Yes. Formosa conducts daily testing of the wastewater treat- ment system to monitor its discharge to the unnamed stream that flows southeast of the plant. In addition to all wastewater from the industrial operations, all on-site storm water runoff is retained and treated.
Shortly after the April 2004 incident and currently, the effluent has been in compliance with the National Pollution Discharge Elimination System permit that regulates discharges from the facility. Illinois EPA staff continues to monitor the wastewater treatment system on a weekly basis.
What can you tell us about the water quality in the ditches and streams that run south of the site?
Since the April 2004 incident, the Illinois EPA has routinely collected samples at the wastewater treatment system discharge location, upstream, and at four stream locations downstream from the Formosa plant. Sample results to date have shown low concentrations of site-related contaminants in the plant discharge, but no levels exceeding state criteria for human health or aquatic life protection have been found in downstream waters.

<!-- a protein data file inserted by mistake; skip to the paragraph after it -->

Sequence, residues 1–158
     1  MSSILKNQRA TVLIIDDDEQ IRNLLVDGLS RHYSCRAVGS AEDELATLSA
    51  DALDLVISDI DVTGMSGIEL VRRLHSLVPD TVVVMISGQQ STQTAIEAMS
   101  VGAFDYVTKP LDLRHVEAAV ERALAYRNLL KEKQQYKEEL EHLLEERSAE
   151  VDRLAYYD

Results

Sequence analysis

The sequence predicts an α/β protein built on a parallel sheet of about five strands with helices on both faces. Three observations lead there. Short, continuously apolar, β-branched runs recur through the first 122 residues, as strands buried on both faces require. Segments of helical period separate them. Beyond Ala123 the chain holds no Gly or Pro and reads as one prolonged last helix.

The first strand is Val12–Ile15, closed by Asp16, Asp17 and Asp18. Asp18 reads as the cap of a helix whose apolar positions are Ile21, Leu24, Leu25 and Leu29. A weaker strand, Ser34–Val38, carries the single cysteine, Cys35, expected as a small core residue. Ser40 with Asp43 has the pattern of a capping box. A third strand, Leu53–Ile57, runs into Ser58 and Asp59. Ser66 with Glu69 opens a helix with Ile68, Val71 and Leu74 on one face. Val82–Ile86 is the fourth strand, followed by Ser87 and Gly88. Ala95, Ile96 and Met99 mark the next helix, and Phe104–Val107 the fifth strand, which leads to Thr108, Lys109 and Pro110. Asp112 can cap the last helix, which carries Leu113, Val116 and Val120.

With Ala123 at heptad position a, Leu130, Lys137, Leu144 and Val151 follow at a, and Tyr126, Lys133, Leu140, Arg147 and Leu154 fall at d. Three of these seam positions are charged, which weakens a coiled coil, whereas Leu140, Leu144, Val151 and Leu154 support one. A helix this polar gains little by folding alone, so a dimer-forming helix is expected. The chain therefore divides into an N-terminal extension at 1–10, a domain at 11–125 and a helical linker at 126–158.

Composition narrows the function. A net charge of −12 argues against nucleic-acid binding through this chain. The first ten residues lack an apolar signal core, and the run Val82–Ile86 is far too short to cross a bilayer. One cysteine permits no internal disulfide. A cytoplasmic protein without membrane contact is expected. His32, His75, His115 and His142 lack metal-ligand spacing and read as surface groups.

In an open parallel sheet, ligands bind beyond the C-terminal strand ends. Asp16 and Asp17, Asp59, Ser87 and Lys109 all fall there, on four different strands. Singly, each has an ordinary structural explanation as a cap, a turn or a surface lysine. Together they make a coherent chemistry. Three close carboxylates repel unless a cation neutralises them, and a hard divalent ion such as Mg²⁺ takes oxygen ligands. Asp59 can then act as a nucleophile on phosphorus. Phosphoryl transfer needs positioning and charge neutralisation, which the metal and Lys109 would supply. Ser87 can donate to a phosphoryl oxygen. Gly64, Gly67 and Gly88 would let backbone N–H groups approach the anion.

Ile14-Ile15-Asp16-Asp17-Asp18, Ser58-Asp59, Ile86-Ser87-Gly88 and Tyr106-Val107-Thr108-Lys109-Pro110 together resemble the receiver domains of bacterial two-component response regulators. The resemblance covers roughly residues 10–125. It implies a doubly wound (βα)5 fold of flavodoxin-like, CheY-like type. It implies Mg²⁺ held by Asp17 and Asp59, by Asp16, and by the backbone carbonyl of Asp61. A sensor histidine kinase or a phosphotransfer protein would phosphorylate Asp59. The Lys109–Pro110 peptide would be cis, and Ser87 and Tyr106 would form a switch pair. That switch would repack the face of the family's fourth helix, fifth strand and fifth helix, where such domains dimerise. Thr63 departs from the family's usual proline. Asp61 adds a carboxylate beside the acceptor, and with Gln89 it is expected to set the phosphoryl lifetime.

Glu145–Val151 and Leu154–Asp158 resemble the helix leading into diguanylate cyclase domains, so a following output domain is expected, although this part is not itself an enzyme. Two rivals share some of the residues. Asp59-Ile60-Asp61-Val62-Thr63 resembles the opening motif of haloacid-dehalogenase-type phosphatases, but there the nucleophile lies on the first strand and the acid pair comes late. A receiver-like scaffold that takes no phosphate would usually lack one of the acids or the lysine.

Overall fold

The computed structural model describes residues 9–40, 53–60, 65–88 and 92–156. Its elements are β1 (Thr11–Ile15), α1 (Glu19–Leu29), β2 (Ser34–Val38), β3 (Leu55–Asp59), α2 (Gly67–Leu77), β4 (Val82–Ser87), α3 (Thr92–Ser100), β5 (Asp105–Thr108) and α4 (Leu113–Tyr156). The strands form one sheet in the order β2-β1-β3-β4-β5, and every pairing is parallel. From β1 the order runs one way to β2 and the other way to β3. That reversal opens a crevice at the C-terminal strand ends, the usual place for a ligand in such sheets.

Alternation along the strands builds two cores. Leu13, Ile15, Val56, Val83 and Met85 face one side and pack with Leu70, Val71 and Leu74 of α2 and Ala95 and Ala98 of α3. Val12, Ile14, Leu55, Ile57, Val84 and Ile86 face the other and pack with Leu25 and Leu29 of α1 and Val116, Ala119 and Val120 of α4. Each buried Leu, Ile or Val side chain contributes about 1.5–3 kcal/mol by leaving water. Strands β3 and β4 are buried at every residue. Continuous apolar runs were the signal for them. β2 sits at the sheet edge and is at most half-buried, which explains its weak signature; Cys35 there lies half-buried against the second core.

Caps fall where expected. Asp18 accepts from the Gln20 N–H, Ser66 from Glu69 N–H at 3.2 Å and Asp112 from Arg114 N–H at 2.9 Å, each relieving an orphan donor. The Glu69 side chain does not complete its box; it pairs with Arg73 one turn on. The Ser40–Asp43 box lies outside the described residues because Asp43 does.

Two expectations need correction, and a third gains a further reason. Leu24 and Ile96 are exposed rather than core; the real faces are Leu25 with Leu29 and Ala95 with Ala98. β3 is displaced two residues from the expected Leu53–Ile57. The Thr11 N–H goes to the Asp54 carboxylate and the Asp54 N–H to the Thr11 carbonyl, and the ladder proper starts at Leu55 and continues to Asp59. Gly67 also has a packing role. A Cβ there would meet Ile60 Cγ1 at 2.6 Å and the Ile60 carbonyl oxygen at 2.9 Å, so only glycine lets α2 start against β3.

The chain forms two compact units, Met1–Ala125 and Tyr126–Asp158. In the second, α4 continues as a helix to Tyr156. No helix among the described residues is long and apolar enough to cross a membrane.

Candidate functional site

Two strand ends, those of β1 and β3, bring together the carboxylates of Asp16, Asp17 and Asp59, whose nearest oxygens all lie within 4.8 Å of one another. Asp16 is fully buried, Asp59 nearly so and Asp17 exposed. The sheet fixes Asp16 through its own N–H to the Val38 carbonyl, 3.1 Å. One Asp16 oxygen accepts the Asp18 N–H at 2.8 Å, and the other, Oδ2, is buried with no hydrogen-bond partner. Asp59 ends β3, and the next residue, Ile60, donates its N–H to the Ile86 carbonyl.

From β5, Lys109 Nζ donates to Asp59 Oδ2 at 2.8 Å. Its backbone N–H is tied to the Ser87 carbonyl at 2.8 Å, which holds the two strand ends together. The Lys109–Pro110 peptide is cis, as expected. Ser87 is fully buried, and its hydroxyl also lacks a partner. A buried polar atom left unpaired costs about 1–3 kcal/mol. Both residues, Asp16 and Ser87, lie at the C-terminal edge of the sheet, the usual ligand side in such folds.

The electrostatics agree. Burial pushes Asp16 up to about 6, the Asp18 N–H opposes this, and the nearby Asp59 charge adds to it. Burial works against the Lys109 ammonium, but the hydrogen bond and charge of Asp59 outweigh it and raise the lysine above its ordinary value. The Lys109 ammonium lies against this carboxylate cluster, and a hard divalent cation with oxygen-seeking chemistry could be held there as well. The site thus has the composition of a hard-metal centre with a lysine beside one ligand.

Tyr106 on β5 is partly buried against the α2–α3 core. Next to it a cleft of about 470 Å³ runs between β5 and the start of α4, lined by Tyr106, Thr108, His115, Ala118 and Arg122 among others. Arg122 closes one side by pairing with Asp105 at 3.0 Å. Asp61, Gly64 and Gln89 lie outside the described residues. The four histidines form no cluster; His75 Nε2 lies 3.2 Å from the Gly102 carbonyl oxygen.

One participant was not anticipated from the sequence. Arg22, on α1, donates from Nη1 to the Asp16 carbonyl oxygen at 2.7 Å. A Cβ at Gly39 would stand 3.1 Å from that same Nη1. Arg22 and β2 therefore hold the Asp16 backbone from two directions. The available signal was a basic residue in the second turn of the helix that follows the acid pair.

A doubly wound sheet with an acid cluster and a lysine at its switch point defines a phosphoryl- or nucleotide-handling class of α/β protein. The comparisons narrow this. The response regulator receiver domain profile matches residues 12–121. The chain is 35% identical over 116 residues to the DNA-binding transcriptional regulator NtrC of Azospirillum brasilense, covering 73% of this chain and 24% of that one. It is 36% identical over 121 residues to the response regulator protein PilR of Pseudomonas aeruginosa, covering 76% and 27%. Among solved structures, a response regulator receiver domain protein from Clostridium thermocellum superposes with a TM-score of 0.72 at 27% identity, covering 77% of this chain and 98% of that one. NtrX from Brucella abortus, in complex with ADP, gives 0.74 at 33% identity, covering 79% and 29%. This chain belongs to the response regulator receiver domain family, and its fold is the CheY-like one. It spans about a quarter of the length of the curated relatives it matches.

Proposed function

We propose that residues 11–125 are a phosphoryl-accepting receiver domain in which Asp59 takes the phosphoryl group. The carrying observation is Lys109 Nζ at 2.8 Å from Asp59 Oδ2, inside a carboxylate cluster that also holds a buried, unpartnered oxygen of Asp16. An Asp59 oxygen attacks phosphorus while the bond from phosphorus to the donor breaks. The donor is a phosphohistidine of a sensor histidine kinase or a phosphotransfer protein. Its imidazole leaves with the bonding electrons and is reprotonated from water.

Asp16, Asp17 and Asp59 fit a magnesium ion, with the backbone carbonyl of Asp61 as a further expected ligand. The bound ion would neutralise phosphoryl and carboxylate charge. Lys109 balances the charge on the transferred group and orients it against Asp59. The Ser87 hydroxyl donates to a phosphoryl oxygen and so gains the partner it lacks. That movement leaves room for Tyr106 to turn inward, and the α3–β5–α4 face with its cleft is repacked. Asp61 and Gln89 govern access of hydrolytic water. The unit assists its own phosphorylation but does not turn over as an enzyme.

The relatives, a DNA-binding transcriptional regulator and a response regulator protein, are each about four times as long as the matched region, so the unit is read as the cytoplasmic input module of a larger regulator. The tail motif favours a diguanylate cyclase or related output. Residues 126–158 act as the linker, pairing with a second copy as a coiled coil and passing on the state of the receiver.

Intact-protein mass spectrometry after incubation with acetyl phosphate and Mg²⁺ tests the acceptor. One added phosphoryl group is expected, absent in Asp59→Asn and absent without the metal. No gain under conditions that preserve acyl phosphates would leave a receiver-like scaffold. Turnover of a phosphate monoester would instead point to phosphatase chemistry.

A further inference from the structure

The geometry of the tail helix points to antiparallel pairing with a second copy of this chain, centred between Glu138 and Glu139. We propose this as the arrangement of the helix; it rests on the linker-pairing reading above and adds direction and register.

Illinois EPA staff has resumed the bi-weekly chemical sampling. This fall, Illinois EPA staff will perform a facility-related stream survey that includes chemical monitoring and a biological survey of the stream.
Has Illinois EPA tested for site-related chemicals in the groundwater that supplies private wells in the area?
Yes. Illinois EPA accompanied a contractor for Formosa to take groundwater samples from monitoring wells on site and at one private well down gradient from the site.
Tests of the on-site monitoring wells continue to show volatile organic chemicals (VOCs), such as vinyl chloride, and some levels of metals. The private well test did not appear to show any site-related chemicals.
When will the site be completely investigated for chemical contamination?